Mary Ellen Bibby Murphy, Rapid City, South Dakota, was a city girl who grew to love the wide open spaces of her Hermosa ranch. She is known as the woman with hats. And she knows what it means to work hard, yet be a proper lady.
She shares the honor of being named an Eminent South Dakotan with her late father-in-law, Paul C. Murphy, who was named an Eminent Farmer in 1936.
When Mary Ellen married Francis "Murph" Murphy in 1939, people couldn't imagine a town girl like her living on a ranch in the isolated foothills. But she loved it! She was so devoted to the land that she managed it for 13 years following the death of her husband. More recently, she has moved to a retirement village in town where it's more convenient to go to plays and concerts and where she can continue her gardening and sewing interests.
Mary Ellen has always been regarded as somewhat of a character. The secret is that she can laugh at herself. She is known far and near for hats she wears. She grew up in a time when hats were proper for little girls and her liking of them extends far beyond the dictates of fashion.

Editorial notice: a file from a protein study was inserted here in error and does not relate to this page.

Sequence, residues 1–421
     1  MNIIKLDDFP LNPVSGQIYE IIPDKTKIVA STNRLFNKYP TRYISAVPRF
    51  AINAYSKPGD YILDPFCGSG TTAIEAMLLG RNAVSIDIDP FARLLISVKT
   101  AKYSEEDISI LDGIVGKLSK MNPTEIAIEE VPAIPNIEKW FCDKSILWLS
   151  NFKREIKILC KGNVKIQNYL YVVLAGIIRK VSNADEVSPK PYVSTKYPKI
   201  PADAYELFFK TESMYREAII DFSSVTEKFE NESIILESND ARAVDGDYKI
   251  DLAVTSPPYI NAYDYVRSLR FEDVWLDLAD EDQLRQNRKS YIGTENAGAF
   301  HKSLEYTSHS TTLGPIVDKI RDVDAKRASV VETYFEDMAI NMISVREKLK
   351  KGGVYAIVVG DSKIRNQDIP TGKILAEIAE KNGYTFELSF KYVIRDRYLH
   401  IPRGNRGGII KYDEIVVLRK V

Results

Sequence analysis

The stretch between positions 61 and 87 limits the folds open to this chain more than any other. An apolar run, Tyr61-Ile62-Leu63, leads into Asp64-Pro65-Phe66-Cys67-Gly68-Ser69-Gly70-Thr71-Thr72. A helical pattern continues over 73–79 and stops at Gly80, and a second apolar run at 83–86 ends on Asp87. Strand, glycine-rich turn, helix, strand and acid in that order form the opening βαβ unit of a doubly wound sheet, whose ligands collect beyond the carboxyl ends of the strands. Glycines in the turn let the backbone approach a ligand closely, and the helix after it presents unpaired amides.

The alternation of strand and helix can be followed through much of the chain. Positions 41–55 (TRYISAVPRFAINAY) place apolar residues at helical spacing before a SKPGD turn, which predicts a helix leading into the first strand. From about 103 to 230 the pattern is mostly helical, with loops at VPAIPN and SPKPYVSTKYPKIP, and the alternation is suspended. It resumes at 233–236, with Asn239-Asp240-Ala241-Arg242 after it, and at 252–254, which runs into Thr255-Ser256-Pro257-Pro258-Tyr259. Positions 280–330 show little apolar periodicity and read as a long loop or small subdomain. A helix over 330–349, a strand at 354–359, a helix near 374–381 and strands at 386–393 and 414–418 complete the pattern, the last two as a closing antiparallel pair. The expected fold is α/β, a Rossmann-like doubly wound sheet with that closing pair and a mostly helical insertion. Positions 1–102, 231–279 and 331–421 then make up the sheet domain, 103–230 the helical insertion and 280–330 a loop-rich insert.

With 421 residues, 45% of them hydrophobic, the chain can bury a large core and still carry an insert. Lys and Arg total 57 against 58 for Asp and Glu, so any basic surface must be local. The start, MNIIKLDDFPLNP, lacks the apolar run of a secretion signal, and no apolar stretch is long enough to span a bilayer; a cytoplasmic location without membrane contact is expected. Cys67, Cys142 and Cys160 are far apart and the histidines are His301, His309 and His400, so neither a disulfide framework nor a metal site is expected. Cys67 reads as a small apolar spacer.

Mrs. Murphy was a home economics teacher prior to her marriage. Since that time she has been active in the Rapid City Area Home Economists, District A South Dakota Home Economics Association and the state association. She feels strongly about supporting her profession. Homemaking was--and is--her profession.
She shared her homemaking talents as a volunteer 4-H leader for 16 years. She wanted to teach young girls not only to cook and sew but to learn the art of homemaking. She was also active on the Western Junior Home Economics Show Board for 16 years. Two daughters, Kathy and Helen, were IFYEs to Turkey and Nepal; the family also hosted visiting IFYEs at the ranch.
She is proud of her homemaking daughters: Frances Twitero, Sisseton, South Dakota; M. Kathleen Wachsmuth, Jobstown, New Jersey; Helen Bell, Rapid City, South Dakota; and Margaret Anne Murphy, St. Cloud, Minnesota. They have provided four grandchildren to the family roster.
Pride in her own family sparked an interest in genealogy; she has collected information on the Murphy family and is in the process of organizing it. She also enjoys art and the aesthetics of decorating, gardening and landscaping, cooking, needlework, flying kites, playing bridge, hiking with her grandsons and sewing. She also finds time to be active in her St. Michael's Church, the Rapid City Women's Center and has helped establish land-use zoning in the Black Hills area.